A great calm overtook me. Not that I wasn’t saddened or heartbroken. Anxious about what the morning would bring. But this is what we do. For our animals, for each other. I’ll put on my brave face, I will smile for you. Whatever needs to be navigated now, I will do so with clear and sober devotion.

I could feel a change in my world already, and knew that when we greeted tomorrow’s sunrise, things would be irreversibly different.

It was a quiet and uneventful night. In the morning, light would streak through the windows of a silent home. There would be no jingling tags on a collar. There would be no wet nose waking me.

Next time: The Longest Ride.

 

Be at peace,

All beings with hearts.

Human animals, and otherwise.

 

Paz

 

 

On the passing of Andy Griffith

The full tree

I won’t waste anyone’s time trying to describe the career of the man or the way his work and collaboration has touched people.  I’m so fortunate to live in a tiny town which we for years have often referred to as Mayberry, to the extent I even got to say “Good morning, Sheriff.” not long ago in the village. (Yes, it really was the Sheriff, a neighbor whose son dated my daughter in school.)

Just wanted to share an outline of an episode that touched my heart and soul, helped to shape my Armchair Zen, and to this day brings tears to my eyes. Andy Griffith’s career included much more than his character of Sheriff Taylor in two TV series’, but it is this character for which he is best known and loved. He had a lot of influence on the show’s production, including the location of the fictional Mayberry, not far from his home, which I believe was Mount Airy.

In this episode, his young son Opie (Ron Howard, now a Hollywood legend in his own right, who describes working on the show as a wonderful life-building experience, and Mr.Griffith as everything we see in Andy Taylor) has a BB gun, and shoots a songbird in the tree beside his bedroom window. While Andy is a sportsman, he is deeply disappointed and angry with Opie that he would shoot a songbird, an unsportsmanlike act. In addition, the bird has a nest of fledglings, now orphaned. In scolding his son, he opens the bedroom window as Opie is put to bed, and tells the child to listen to those babies calling for their mother who is never coming home, to drive home the impact of Opie’s actions.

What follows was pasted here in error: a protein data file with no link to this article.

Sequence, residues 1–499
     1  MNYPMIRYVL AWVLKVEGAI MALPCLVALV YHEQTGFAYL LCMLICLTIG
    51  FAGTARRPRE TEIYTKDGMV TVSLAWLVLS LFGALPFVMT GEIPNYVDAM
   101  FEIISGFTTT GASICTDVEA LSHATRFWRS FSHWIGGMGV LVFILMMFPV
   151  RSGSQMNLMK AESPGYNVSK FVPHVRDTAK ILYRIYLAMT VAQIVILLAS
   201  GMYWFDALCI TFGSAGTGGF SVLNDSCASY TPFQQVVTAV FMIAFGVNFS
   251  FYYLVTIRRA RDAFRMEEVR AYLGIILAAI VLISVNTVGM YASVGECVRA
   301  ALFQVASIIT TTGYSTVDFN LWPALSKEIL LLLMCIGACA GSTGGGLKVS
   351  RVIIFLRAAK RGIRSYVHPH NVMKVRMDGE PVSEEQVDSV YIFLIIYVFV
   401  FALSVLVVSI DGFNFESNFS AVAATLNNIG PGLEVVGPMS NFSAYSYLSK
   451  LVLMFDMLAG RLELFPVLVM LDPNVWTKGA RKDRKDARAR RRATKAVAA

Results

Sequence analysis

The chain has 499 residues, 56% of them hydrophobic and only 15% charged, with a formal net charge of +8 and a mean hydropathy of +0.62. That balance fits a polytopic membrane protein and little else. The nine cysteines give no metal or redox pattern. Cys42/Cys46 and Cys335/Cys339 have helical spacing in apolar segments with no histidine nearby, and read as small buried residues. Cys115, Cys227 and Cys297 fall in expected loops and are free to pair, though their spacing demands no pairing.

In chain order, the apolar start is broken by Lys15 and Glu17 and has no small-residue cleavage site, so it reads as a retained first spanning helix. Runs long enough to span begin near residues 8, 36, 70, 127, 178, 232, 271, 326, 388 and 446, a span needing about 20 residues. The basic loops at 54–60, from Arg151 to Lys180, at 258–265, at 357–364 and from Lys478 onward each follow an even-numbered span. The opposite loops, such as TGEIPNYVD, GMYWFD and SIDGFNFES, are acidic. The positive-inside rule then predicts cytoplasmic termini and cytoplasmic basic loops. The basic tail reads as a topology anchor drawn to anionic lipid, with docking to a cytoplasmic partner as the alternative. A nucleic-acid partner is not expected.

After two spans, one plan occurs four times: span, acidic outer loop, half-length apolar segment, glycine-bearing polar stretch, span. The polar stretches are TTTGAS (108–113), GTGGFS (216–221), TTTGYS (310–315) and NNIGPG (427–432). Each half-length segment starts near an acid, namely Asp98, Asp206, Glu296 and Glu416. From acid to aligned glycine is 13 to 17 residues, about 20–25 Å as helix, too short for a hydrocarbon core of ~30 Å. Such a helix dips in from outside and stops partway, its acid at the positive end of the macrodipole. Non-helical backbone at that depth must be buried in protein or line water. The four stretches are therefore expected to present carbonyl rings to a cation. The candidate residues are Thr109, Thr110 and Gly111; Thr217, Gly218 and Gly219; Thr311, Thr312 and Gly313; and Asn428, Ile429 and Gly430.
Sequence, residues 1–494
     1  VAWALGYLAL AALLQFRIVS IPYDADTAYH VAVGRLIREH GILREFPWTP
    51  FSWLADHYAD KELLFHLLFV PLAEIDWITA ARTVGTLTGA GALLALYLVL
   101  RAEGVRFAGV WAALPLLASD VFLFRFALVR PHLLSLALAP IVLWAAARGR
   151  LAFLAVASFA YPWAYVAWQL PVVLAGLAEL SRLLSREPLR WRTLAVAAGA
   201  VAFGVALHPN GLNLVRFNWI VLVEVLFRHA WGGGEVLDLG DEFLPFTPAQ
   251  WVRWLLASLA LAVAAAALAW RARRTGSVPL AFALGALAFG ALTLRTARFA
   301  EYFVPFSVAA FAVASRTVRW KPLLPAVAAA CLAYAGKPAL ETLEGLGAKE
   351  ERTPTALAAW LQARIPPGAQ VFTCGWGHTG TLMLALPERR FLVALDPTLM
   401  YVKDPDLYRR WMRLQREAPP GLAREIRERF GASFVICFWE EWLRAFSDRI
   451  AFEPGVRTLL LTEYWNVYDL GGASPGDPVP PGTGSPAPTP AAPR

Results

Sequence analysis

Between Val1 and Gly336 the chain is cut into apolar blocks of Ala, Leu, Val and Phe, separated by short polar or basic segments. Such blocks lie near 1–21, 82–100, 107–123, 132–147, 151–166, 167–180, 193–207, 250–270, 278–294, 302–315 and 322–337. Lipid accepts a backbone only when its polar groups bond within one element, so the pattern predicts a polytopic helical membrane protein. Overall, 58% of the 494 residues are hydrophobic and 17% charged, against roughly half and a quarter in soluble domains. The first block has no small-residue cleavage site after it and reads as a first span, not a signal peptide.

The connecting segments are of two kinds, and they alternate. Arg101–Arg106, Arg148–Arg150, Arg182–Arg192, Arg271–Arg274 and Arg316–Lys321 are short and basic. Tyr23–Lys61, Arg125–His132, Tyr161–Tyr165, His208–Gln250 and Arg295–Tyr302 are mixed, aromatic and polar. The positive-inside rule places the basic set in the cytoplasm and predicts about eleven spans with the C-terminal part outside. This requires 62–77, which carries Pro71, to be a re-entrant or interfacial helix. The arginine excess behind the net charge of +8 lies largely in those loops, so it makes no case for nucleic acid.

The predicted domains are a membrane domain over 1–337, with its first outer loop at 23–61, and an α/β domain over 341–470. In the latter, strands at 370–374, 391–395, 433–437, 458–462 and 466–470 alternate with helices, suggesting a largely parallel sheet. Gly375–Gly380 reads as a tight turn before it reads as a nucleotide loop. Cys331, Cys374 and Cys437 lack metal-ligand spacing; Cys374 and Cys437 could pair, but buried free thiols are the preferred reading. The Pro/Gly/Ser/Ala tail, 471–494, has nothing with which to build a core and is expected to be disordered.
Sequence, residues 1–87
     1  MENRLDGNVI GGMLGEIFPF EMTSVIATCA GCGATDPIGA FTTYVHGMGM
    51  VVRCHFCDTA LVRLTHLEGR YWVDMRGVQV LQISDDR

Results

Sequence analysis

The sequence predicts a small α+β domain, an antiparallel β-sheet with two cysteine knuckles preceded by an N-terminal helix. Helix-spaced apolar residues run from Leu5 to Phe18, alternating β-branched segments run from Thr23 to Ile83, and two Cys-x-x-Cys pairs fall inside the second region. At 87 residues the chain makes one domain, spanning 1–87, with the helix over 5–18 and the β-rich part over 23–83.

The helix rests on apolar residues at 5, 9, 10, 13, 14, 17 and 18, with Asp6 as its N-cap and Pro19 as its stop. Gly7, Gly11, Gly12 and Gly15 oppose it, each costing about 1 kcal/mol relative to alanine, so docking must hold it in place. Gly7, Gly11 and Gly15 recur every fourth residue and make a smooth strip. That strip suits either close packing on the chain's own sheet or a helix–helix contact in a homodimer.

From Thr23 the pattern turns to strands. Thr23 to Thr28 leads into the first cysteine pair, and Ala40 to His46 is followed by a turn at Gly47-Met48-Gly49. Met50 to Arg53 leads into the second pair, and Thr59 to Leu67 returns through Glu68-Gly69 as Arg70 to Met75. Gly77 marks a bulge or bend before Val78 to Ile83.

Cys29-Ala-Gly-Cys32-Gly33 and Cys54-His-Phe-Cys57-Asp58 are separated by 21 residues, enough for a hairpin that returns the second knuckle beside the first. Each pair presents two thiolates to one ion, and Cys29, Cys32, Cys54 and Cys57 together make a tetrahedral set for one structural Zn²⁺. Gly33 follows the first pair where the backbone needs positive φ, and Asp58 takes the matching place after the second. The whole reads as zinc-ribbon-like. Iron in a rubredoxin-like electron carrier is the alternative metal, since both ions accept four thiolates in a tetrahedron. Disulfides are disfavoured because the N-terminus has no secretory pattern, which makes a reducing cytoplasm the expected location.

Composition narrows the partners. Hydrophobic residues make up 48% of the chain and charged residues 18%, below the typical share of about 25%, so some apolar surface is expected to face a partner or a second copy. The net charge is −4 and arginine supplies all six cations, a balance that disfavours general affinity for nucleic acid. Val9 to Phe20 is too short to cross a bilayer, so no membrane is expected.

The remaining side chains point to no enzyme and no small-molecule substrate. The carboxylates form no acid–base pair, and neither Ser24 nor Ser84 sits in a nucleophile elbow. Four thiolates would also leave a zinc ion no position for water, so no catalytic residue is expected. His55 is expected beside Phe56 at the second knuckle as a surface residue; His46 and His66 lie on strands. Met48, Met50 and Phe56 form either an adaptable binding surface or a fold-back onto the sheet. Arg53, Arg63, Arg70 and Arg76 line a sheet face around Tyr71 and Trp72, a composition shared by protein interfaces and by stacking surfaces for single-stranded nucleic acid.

Subsequently, Opie decides to redeem himself by taking the birds in, putting them in a cage, feeding and raising them as restitution for his crime against nature. Mr.Taylor is pleased that his son is learning about his impact, and has taken a proactive step to remedy his wrongdoing.

Before long, the little fledglings are grown enough to leave the nest. The child has become attached to the creatures as pets, and the father admonishes him that the right thing to do is set them free to return to the wild. This is a difficult and agonizing thing for a child of perhaps six years of age, but ultimately he follows through with his father’s wishes and advice, and the birds are released to fly off.

In the last scene, Opie is a bit forlorn that the fun and excitement, the gratification of having the birds in his room, is over. Pouting, he looks at the vacant birdcage as his father stands at the bedroom window from which the tale began.

“Gee, pa, that cage sure looks empty.”, the lad says longingly.

“Yes.”, Andy says, as he turns to the window and gazes out with a half-smile and a glad heart.

“But don’t the trees look nice and full.”

Be at peace

Paz

I just don’t want to argue with you any more

Into the fray

Please show me the way to make peace with your heart.

How do I stop this thing? How do I don’t let it start?

How do I know what to say? How do I know what I said?

When do I shut my mouth and keep it all in my head?

I just don’t want to argue with you any more.

I just don’t want to quarrel with you any more.

I just don’t want to fight with you any more.

I just don’t want to argue with you any more.